Always the first to take the conservative route, the RBA was clear to state it merely discussed under what circumstances a rate cut would be necessary and were explicit in their view that such a set of circumstances arent present within the Australian economy right now.
3. RBA keeping their powder dry: As is reasonably well known, the RBAs central thesis is that although global growth conditions are softening, and that there remains major domestic economic headwinds, while the labour market keeps tightening, their exists no immediate need to cut interest rates.
Furthermore, the RBA outright acknowledged, in perhaps what is a small hint at government policymakers, lowering interest rates wouldnt deliver the same impact to economic conditions as they had in the past. Nevertheless, traders concluded from the simple recognition of the possible need for further monetary stimulus in Australias economy as a sign that the RBA is losing confidence in the local growth engine.
4. AGBs out of step with global bond markets: The result was a brief fall in the Australian Dollar following the release of the RBAs minutes, as traders repositioned their bets on the future of Australian monetary policy.
Having unwound recently positions that the RBA would need to cut rates by August this year in response to a moderating of global growth fears, yesterdays minutes forced the market to increase the implied number of interest rate cuts before the end of 2019 to about 29 basis points. The knock-on effect saw AGB yields fall, out of step more broadly with bond markets, which experienced a general climb in bond yields yesterday.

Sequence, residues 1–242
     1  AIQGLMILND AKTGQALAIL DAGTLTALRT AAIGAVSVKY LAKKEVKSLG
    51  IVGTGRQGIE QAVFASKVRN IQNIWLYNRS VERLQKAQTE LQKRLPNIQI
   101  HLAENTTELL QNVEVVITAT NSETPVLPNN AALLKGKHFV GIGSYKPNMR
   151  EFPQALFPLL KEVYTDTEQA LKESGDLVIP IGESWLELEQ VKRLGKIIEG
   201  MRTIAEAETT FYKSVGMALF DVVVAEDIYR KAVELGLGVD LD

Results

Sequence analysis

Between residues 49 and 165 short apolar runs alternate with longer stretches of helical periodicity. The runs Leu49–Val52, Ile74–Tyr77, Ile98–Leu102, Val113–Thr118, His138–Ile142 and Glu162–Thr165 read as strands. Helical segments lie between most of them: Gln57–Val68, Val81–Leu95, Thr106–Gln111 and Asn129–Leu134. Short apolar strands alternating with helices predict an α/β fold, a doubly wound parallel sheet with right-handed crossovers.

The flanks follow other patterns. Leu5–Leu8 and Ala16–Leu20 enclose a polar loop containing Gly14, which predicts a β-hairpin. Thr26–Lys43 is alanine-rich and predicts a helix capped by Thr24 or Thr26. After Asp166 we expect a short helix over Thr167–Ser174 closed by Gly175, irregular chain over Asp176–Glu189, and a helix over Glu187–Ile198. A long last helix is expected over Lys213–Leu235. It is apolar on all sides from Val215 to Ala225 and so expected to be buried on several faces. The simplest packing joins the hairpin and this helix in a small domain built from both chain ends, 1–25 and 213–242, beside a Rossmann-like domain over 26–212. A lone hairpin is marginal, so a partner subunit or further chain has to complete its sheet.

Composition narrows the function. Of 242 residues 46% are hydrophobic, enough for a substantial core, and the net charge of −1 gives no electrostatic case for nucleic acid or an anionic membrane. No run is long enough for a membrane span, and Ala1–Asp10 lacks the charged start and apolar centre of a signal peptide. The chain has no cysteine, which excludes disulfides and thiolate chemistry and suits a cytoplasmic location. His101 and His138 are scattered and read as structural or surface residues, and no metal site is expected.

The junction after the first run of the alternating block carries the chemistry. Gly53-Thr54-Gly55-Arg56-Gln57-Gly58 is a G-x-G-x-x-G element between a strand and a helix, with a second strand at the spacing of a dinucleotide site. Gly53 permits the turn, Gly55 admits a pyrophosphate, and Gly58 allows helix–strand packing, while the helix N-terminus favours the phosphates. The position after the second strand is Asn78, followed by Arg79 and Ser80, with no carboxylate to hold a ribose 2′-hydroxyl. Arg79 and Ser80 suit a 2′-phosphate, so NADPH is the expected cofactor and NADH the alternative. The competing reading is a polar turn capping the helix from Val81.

5. Growth concerns diminish; but risk appetite neutral: As might be inferred from the moves in bond markets, trade overnight was characterised by a further diminishing of fears about the outlook for global growth. US 10 Year Treasury yields were up by 3.6 basis-points to 2.59 per cent, and 10 Year German Bunds maintained its (albeit slim) positive yield.
It was by no means a total risk-on day, however: stocks were up globally, with the world-indices map a sea of green indeed; but looking at the S&P500 in particular, it was only 0.05 per cent higher for the Wall Street session, as investors digest US earnings season bit-by-bit.
6. China to dominate todays proceedings: A very significant read on the state of the global economy comes today: the so-called monthly Chinese economic data-dump is delivered and this time around, it includes the Middle Kingdoms GDP numbers, too.
The turnaround in fortunes for global risk assets lately has largely come in shifting perception about Chinas economic wellbeing. There is greater hope that Chinas economic slowdown, which had rattled market participants in the first quarter, has bottomed-out. Core to further upside for risk assets, improvements in Chinas embattled economy is a necessary precondition for optimism towards the macroeconomy and for global stocks to maintain their trend higher.
7. Chinese equity markets catch-22: So, equity markets in developed economies need to see strength in Chinas economy to sustain themselves. However, and perhaps somewhat ironically, the case isnt as clear cut for Chinas financial markets.
Chinese equities have outperformed global peers year to date, as markets position for looser financial and fiscal conditions to support growth in the Chinese economy. Less a reflection of strong fundamentals, its been this loosening of fiscal and monetary policy that has driven capital flows into riskier assets. Being this way, strong economic data out of China may reduce the requirement for such accommodative policy-settings and inhibit short-term upside in Chinese stock indices.
8. Market watch:
This column was produced in commercial partnership
between The Sydney Morning Herald, The Age and IG